Best-selling author, James Patterson believes it’s his use of short sentence length that has made him so popular with readers; “I think what hooks people into my stories is the pace. I try to leave out the parts people skip.”[1]

Short sentence length works well for web copy because you’re also cutting out the bits people like to skip. Nobody wants to read purple prose when they’re simply looking for a service description.

Readers can be put off by large blocks of writing, especially as that doesn’t look good on a mobile. You are not writing a book. So make sure your paragraphs are concise.

I don’t mean keep the overall amount of text on your website minimal. (That is quite trendy at the moment, but you’d need to spend more directing traffic as your SEO won’t be great.) Again, it is about putting your messages in bite-sized chunks. Collectively, they could add up to a lot of text, which is fine. There is a fallacy that sales letters, for example, must be one side of paper. Rubbish. If your message is interesting, and the recipients are relevant, people will read a sales letter if it’s ten pages long.

Keywords

Although the use of keywords is important in web copy, they should be used sparingly. Avoid keyword stuffing and stick to content that reads organically and is relevant to what people are searching for. Those “good ol’ days” of mentioning your category 50 times are long gone!

if you’re a plumber in Shrewsbury, your copy should state early on that you’re a “plumber in Shrewsbury” but don’t overuse that keyphrase and spoil the story. Google may indeed punish you if they think you’re keyword stuffing. And it will certainly turn today’s media-savvy audience off. Talk about your services, as people’s searches are more specific these days. They might not be searching for a plumber in Shrewsbury but rather “leaking taps shrewsbury”, for example. It paints a nicer overall picture and keeps Google happy.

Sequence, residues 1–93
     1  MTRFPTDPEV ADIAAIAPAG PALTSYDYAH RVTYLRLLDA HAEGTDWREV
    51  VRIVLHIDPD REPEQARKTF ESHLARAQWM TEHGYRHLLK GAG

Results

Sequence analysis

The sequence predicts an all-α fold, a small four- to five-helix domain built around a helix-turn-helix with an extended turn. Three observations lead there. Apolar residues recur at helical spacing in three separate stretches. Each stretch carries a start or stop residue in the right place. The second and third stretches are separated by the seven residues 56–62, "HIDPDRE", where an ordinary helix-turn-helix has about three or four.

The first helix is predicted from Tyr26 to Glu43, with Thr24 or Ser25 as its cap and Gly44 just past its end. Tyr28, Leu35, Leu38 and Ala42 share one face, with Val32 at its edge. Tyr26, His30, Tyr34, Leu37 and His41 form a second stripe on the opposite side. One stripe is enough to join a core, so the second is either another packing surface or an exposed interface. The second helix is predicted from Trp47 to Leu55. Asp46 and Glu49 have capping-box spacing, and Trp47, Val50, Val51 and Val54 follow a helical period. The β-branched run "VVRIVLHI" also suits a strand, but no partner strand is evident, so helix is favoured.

Definitely ensure that keywords are in your page meta descriptions, i.e. in the back end of the website. These are the headlines and summaries that will appear in Google search results.

Make the call to action clear

This may seem like an obvious inclusion when writing web copy, but it’s surprising how many companies fail to clearly lay out their contact number or email.

When offering a service, it should be clear what the company wants the customer to do; be it a phone call, an email or a free online quote. You should make the call to action obvious and easily accessible – ideally your contact information should be available on every page. If someone is on a mobile, reading a page on your website and they decide they want to call you, is your number there on that page? Or is it on the Contact Us page, which is hidden in the hamburger menu back at the top of the page? People get confused and bored easily.

You might think it’s a bit silly, for example, to put an enquiry form on every page. But if that is how you prefer people to contact you, do it. You want people to phone? The phone number should be on every page, with ‘click to call’ mobile functionality. Make it easy.